It no longer provides any hot water
Customer Story: Joe E. from Thornton
One of our High 5 Club Members, Joe E. from Thornton, had some work done on his water heater. Two of our plumbing technicians, Josh and Luke, went out to Joe's place where his water heater was leaking and needed to be replaced.
"Josh and Luke were top notch pros at helping me in my time of need! They went above and beyond and I would expect this to be a core value for High 5! Thanks again!"
— Joe E. from Thornton
Joe and Luke share an air-five for a job well done © High 5 Plumbing
In the photos below, you’ll see Joe’s old water heater (on the left) was wrapped in insulation. Prior to the early 2000s, some manufacturers would recommend this extra layer of insulation. Now, water heaters are made more efficiently and don’t require any additional external insulation.
Josh and Luke installed a new 40-gallon standard recovery water heater with a new thermal expansion tank (see photo on the right).
Joe’s old insulation-wrapped water heater (left) and the new installation (right) © High 5 Plumbing
High Recovery Water Heaters
If you notice your water heater takes a long time to recover, we recommend you consider a high recovery water heater which is designed to give you more hot water faster so you don’t have to wait on so many hot showers!
Check out this high recovery water heater installation from High 5 Plumbing Technician Josh M.
High recovery water heater installation © High 5 Plumbing
Do you think you’re reaching the end of your water heater’s life? Schedule an in-home inspection today, and let one of our experienced plumbers give you the peace of mind you deserve.
How Can I Ensure My Water Heater Setup is Safe?
We know safety is top-of mind for our customers. Water heaters are a major part of a well-functioning home, and their installation, repair, and regular maintenance can seem a bit overwhelming.
Whether you’re installing a new unit or just need to make sure your current one is in proper shape, hiring one of our qualified, experienced technicians is the best first step you can make. Our certified plumbing techs will ensure your system is up to code and inspect it for proper installation. This is especially important (and required) if you plan on selling your home soon.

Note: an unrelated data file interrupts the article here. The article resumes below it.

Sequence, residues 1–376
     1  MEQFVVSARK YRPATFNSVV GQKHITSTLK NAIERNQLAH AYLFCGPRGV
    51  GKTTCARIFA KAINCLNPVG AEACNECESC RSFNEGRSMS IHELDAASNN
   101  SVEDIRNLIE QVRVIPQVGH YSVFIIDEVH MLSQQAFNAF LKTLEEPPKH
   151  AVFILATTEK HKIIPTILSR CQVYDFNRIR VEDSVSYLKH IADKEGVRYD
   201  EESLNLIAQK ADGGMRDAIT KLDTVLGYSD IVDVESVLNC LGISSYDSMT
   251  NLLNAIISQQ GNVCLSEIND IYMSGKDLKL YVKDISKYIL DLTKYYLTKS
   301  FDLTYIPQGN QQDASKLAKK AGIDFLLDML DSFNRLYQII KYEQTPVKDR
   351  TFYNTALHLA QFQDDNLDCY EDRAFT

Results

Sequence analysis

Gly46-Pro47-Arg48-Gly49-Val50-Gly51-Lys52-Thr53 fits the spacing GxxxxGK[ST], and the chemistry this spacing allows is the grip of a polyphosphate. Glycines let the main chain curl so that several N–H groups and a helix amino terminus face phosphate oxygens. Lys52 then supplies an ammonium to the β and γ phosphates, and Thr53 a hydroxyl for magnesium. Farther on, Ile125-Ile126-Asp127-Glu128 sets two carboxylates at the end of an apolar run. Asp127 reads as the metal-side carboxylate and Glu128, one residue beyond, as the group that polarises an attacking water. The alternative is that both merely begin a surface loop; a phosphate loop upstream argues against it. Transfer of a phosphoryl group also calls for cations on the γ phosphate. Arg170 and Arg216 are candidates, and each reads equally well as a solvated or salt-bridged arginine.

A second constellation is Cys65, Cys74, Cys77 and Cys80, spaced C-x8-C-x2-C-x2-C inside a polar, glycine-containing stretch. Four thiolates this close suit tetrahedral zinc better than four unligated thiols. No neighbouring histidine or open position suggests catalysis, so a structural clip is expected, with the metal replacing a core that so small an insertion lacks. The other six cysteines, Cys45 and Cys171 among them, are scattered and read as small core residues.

What’s an Expansion Tank, and Why Do I Need One?
A residential thermal expansion tank looks like a small, basketball-sized propane tank. If you have one, it’s likely on the top of your water heater.
If the city water supply to your home is above 80psi, you have high water pressure. In that case, you should have a pressure regulating valve (PRV) installed on your supply line (to lower your home’s water pressure to the normal range of 40-80psi).
If you have a PRV (to regulate water pressure) or a check valve (to prevent backflow) installed on your home’s incoming water supply line, you should also have an expansion tank.
Why? Think of your water heater like a tea kettle. While your water heater doesn’t boil your water, it does heat it up and expand, creating pressure that must be released. Normally, this pressure is released into your municipality’s water supply where it dissipates and doesn’t create any problems.
If your system has a check valve or PRV, however, this changes things. Those valves create what’s called a ‘closed-loop system.’ If this is the case in your home, we highly recommend installing an expansion tank.
When properly installed, an expansion tank absorbs the pressure from thermal expansion and protects your plumbing system from the constant fluctuation of high pressure caused by thermal expansion in a closed-loop system.
Over time, the wear and tear from this excess pressure can reduce the life expectancy of every part of your plumbing system, including your water heater.
It’s also important to note that everywhere we operate in the Denver metro area, thermal expansion tanks are required any time the water system is closed, regardless of the water pressure, in order to pass plumbing inspections.
A High 5 Plumbing customer in Commerce City had a 50-gallon water heater that was leaking from the base. We replaced it with a new 50-gallon single-pipe power vent water heater, as well as a new thermal expansion tank (see photo below).
50-gallon single-pipe power vent water heater with thermal expansion tank (on right) © High 5 Plumbing
More Water Heater FAQs
Why should I install an automatic shut-off valve for my water heater?
Water damage can be an immensely stressful, expensive, disruptive thing to deal with as a homeowner. And if you’re out of town or unable to get home right away, even the most straightforward leak could mean catastrophic damage to your home.
That’s why an automatic shut-off valve is an absolute must for your peace of mind. This simple device will detect the presence of any unusual liquid (and, in some cases, alert you to the malfunction via smartphone). The shut-off valve is designed to automatically turn off your water supply, as soon as a leak occurs. It’s an easy, affordable way to prevent extensive damage to your home.